A good example is wheat toast with almond butter and apple slices. Add some extra nutrients with a green smoothie.
2. ASK YOURSELF THREE QUESTIONS
Sometimes we snack because we want something crunchy or sweet or we are tired or thirsty, Mazzia says. In light of that, before you reach for a snack, ask yourself three questions:
1. Am I hungry?
2. Am I thirsty?
3. How many hours until my next meal?
Sometimes people mistake thirst for hunger, so it's important to check in with yourself.
"If you only have an hour before the next meal, choose quickly digested snacks, like fruit, yogurt or veggies," Mazzia says. "If it's longer, add a lean protein and whole grain with 3 grams of fiber or more per serving." And no, that chocolate-coated fiber bar doesn't count.
"Vegetables, whole fruits or dried, unsweetened fruits and yogurts are great choices," she says. Read labels for portion sizes and stick to them - that means not eating directly out of the bag or box.
3. SNACK BASED ON YOUR ACTIVITY
Consider planning your snacks based on what your day looks like. If you need a little something before a morning run, for instance, consider fruit or cereal, something with quick-acting carbohydrates.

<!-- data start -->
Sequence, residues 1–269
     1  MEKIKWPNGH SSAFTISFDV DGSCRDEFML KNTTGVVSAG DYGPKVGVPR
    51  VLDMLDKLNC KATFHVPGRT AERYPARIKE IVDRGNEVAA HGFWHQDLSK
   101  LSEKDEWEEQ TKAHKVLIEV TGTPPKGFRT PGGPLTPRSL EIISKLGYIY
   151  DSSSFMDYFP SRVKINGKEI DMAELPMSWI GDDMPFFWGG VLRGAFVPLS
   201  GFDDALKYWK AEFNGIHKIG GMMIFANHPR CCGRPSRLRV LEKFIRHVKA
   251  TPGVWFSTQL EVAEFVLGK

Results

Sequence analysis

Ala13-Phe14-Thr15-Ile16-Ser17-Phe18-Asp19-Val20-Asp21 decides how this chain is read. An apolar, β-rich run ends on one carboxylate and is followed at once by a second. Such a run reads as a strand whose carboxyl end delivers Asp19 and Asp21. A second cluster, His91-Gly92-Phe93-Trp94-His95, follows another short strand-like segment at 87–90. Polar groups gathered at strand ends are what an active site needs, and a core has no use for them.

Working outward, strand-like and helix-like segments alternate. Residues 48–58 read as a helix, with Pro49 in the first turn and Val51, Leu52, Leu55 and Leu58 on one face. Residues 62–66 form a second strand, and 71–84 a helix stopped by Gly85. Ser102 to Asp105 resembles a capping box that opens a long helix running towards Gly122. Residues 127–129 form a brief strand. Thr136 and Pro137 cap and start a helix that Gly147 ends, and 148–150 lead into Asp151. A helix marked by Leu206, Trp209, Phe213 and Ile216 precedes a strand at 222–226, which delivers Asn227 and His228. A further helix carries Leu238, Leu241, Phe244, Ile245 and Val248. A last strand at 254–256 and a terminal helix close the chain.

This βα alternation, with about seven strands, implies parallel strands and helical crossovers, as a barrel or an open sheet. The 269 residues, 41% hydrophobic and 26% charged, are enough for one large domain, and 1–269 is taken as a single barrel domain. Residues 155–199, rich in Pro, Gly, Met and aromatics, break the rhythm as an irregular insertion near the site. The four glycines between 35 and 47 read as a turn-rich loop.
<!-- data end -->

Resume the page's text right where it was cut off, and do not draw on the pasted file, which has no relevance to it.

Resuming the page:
"Trail running, you need 25 to 40 grams of carbohydrates per hour," Mazzia says. "It's a high aerobic activity that's going to require carbohydrate supplementation after an hour."
For someone who plans to spend a morning skiing, Mazzia recommends something with a little more "staying power," that's also portable and convenient, she says. Perhaps a Lara Bar or something similar that's made from dried nuts and fruits. "Or choose a few whole-wheat Fig Newtons or half a peanut butter sandwich - those are good pocket snacks."
Eagle County-based private chef Allana Smith of FOODsmith makes her own peanut butter bars. As a professional chef, there is no culinary challenges she can't overcome. But as a mother of four, she's a fan of creating quick, creative snacks. Made with the nutritional powerhouse avocado, guacamole eaten on fresh endive instead of fried tortilla chips makes a healthy snack. So does a yogurt-based curry dip served with sweet potato and beet chips. And if you have a little more time for prep, make hummus using edamame and mint, and serve it with a variety of fresh, crunchy veggies.
If you're looking for something to munch on that doesn't provide many calories, don't be afraid of popcorn - just leave off the melted butter. Spice it up a little with Japanese furikake (a sesame-seaweed savory blend) or togarashi (a sesame-chile blend).